The Cure
(Elektra 66687)

I'm surprised by how powerful this disc still is for me. I've long since moved past my "Cure phase," which was pretty heavy in late high school/early college (drat! I am a cliché after all), and the Disintegration album in particular served as the soundtrack for one of my darker periods (double drat! Double cliché!), but nowadays you'll be more likely to find me listening to Gal Costa or Grieg. *Sigh* Times do change. But it's unlikely that Disintegration will lose its sway or its power to take me back to those wonderful late 80s/early 90s, the bulk of which I spent utterly miserable, and on which I look back "fondly." (Audience chuckles at playful irony.)

The Love Song EP was the best of the four EP's released to promote the album, which I still contend could have been a great double album judging by the tracks that didn't make the album. This one features the Cure's best-ever b-side, "2 Late," one of those rare b-sides that should have made the album – in fact it's one of their best songs, a- or b-side. "Love Song," of course, is an amazing single, totally overplayed at the time but it never got old for me (I also still get a charge from "Just Like Heaven," despite having heard it a zillion and six times). The EP has the radio remix as well as a great extended mix, and as a second b-side adds "Fear of Ghosts," one of Robert Smith's most deeply interior songs, quite full of exactly the despair you associate with the group. I like pretty much everything the Cure has done, at least to a certain extent, and one thing I admire about the band is that it has successfully accommodated Robert Smith's knack for going waaayyy far out into suicidal territory and then also into crazy novelty territory a la "Lovecats" or "Close to Me."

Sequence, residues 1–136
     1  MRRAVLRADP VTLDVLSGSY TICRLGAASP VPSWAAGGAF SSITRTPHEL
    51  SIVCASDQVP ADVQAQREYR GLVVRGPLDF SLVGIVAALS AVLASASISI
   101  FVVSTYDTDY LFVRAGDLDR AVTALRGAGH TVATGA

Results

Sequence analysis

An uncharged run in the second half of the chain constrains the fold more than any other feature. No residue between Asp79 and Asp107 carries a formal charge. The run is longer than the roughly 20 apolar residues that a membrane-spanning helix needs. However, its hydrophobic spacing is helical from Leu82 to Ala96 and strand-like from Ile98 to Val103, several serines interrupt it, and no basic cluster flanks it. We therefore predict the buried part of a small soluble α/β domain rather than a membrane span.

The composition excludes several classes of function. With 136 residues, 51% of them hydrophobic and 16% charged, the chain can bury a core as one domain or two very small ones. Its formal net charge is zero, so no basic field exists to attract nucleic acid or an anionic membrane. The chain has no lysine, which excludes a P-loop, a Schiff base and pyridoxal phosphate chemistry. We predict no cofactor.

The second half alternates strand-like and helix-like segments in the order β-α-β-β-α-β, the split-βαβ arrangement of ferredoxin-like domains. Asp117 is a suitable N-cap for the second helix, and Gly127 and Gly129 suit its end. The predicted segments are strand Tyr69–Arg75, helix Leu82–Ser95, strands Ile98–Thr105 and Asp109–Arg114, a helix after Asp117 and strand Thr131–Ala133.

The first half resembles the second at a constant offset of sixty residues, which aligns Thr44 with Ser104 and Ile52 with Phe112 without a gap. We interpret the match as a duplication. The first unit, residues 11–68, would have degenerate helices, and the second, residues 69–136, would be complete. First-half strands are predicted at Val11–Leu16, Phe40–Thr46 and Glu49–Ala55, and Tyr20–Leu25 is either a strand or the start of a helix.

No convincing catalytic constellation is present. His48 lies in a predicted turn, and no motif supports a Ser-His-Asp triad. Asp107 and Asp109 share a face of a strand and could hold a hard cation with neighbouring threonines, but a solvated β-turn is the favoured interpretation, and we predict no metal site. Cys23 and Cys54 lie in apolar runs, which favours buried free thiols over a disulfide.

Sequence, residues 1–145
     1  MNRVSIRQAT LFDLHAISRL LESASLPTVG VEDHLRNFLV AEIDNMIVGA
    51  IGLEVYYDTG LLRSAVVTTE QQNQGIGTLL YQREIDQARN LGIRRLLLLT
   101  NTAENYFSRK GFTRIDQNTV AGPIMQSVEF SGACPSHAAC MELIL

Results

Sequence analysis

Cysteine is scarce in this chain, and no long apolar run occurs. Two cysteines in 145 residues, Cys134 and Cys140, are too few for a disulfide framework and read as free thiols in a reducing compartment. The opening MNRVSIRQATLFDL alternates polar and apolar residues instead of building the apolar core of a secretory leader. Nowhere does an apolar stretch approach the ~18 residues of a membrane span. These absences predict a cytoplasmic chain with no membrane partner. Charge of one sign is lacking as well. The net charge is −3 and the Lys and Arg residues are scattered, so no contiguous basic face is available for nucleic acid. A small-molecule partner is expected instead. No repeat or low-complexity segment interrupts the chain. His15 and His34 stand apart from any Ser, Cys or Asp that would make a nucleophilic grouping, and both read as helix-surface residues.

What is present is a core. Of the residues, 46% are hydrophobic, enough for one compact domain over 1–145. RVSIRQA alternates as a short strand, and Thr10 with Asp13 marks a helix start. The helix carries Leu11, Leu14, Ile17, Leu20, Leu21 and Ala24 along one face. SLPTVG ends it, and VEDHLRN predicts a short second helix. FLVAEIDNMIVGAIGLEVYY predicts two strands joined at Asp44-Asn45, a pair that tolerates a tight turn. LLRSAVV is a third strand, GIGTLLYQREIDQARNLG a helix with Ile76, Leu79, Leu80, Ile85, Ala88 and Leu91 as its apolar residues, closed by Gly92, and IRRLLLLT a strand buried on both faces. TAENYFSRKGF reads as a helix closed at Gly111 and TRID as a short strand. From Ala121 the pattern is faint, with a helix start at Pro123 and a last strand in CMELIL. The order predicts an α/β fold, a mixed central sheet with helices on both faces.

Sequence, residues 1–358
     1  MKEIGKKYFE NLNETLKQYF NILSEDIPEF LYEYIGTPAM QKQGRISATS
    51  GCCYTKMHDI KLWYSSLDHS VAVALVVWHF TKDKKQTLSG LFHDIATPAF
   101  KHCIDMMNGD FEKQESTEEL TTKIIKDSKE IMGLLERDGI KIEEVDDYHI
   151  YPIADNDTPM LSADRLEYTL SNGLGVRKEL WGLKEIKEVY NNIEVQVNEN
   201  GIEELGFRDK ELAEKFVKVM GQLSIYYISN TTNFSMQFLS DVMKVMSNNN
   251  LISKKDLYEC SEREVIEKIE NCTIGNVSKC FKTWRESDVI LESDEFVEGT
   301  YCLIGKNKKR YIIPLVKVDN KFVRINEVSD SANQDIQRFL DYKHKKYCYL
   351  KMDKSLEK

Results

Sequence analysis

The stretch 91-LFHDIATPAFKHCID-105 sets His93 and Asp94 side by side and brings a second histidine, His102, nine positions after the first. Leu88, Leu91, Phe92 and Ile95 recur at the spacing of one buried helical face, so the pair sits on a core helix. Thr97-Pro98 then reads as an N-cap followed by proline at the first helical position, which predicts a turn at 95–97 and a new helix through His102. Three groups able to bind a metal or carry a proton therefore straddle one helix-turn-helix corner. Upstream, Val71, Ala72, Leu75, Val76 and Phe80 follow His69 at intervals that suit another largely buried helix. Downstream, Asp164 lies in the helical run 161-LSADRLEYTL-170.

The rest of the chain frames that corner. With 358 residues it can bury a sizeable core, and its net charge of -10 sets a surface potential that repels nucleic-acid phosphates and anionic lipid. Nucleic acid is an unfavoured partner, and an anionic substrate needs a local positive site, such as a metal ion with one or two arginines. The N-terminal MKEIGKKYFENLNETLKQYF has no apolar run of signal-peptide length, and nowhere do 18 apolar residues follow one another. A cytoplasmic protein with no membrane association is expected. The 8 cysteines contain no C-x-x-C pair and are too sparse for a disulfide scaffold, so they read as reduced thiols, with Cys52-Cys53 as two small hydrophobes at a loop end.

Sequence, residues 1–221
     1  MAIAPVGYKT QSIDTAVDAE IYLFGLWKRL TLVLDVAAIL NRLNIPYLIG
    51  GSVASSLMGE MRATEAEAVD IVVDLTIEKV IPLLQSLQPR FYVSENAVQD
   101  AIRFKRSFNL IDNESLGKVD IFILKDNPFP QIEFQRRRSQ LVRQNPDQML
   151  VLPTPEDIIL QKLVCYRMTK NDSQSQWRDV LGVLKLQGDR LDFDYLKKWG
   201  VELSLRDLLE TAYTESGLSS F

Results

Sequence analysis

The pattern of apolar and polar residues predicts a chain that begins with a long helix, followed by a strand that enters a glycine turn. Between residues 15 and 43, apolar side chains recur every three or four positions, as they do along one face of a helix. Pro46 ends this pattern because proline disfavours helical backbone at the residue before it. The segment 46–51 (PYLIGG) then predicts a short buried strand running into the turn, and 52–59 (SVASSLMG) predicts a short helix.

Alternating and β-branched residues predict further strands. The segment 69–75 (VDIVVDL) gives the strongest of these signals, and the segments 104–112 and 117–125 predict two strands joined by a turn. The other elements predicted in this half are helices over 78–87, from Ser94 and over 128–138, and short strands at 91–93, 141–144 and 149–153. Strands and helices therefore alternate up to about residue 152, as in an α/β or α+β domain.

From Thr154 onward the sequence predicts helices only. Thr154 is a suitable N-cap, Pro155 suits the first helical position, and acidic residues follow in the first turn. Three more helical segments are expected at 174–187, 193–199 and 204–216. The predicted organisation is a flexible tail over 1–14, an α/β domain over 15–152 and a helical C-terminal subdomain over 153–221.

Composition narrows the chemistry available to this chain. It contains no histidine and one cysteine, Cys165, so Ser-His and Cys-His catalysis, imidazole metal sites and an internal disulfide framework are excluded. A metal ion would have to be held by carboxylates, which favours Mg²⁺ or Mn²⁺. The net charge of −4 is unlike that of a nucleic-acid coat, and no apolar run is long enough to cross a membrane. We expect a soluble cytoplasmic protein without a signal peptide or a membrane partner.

The Disintegration period had no humor at all but was very coherent in its exploration of mental and emotional dissolution, which will keep it on the must-have list for depressed white teens for years to come. Love Song is an important addendum to that album, and one I keep around for those moments when the craving for my old misery becomes irresistible. Fortunately I don't play it very often any more, but like the cyanide pill I keep in my false tooth, it's good to know it's there just in case. Now let me finish cracking this walnut open in my mouth – OUCH! Hey, why am I getting sleepy?

Review by Bojak Cristál